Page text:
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Women's Voices Chorus, under the leadership of the imaginative and inimitable Mary Lycan, and accompanied by Deborah Coclanis, soared high and low for the audience at their spring concert at University United Methodist Church on Friday, May 5. Lycan, with her eye for theme concerts, put together a widely varied and fascinating program drawing on textual references to angels, birds, witches, chariots, hope, and the human spirit. Beginning with a plainchant, "Alleluia, Angelus Domini descendit" ("Alleluia. The angel of the Lord descended"), the selections came closer to earth and ended with a modestly dramatized version of the witches scene from act IV of Macbeth.
The first highlight was Felix Mendelssohn's motet for women's choir and organ (the third of three he wrote), "Surrexit Pastor bonus," Op. 39, No. 3. Solos and ensemble passages by Joan Troy, Mary Hoover*, Penny Ward, and Janet Huebner were superbly rendered; Lycan continues to attract and cultivate the fine qualities of the female voice. Susan Moeser was the organist. The choir blend was beautifully accomplished, though the third verse seemed to sag a bit.
"The Mater Admirabilis Chapel" is a piece I have never heard before, nor was I aware of its Canadian composer, Violet Archer (1913-2000). Immediately on hearing this music I wished I had heard it before and hope to hear it again. The text by Alberta Bass, a Cherokee, tells of the "pigeons on the roof of the little chapel that belongs to the Mother of God." It is suggested in the program notes that this impressive poetry could well be a plea for traditional Christianity, personified by the statue of the Virgin Mary inside the chapel, to embrace the nature-based spirituality of the Native American. The poet invites the Virgin to come out and see the pigeons "pirouette for you." The last line still haunts me: "they dance that cannot pray." Archer's music is ethereal, yet earthy, simple and straightforward yet with wonderfully enriched harmonies. A clarinet solo accompanied the choir; it was played beautifully by Jennifer Cox Bell, and it was just the right touch to top off this extraordinary choral gem.
A double choir motet by Thomas Luis de Victoria, "Duo Seraphim" ("Two Angels"), was sung by the "Spring Ensemble" a sub group of the Women's Voices Chorus that stays after regular rehearsals are over to prepare a special selection each spring. Gwyneth Walker's "So Many Angels" was a little irreverent, a little jazzy, and a lot of fun.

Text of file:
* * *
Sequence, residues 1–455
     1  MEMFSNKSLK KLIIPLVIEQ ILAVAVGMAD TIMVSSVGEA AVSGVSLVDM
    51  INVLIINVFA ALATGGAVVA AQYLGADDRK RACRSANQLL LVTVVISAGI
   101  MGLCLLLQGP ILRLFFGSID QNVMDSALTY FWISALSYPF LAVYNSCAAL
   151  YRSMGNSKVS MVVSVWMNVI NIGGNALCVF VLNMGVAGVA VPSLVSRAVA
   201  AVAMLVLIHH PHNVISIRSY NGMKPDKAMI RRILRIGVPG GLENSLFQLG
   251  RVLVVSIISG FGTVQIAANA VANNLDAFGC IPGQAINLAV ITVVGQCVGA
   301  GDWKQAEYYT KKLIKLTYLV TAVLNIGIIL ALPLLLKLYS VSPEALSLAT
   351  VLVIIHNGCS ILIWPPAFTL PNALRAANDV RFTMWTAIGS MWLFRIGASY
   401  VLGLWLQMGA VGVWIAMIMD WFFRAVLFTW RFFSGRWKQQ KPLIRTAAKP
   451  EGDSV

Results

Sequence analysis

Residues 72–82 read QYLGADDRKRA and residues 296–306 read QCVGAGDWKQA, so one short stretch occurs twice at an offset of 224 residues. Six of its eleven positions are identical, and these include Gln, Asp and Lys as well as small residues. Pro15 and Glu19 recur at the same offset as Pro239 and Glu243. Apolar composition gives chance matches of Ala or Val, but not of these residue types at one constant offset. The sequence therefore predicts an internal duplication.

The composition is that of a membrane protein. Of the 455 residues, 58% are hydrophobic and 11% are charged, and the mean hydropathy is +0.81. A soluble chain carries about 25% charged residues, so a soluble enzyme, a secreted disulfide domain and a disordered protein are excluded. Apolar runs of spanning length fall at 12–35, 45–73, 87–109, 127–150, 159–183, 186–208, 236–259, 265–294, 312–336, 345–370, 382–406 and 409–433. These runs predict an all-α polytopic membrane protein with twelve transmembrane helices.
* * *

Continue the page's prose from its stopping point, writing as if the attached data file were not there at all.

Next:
Setting the poetry of Emily Dickinson to music must be harder that trying to set the music of a late Beethoven quartet to poetry, even for such an accomplished composer as Emma Lou Diemer. Five poems under the title Hope is the Thing jerk, jump, hop, and splash in Diemer's setting, which seems to attempt to provide musical descriptiveness to Dickinson's economical flowing verse. I didn't care for it, but some friends with me did. So there you have it! You should have been there and heard it for yourself.
It was a joy to hear "Los Bilbilicos" ("The Nightingales"), a Sephardic delight that blends Jewish and Spanish music. This unique cultural treasure had a touch of klezmer from Bell's clarinet, the fire of flamenco from soloists Darcy Wold and Diane Wold, and the heart of Jewry from the chorus.
After a couple of traditional American songs that were pure fun, the program closed with John E. Govedas' "Mulligatawny Macbeth," a musical and somewhat dramatized arrangement of the witches scene from Shakespeare's melodrama. This is another of those pieces that only Lycan, with her sharp eye, attuned ear, and devotion to music for women's voices, could find. Full of whimsy and imaginative scoring, and performed with energetic enthusiasm, it was really special. The witches were played by Joan Holland, Judy Moore, and Roberta Yule Owen.
Lycan ended her program notes (always informative and helpful) with this sentence: "Women's and treble choirs sing so much angel music, and women are generally socialized to be so nice, that we are grateful to Mr. Govedas for this opportunity to be bad girls." Veehry interesting!
And good night, Lucy..., uh, Mary!
*Mary Hoover is the spouse of the reviewer.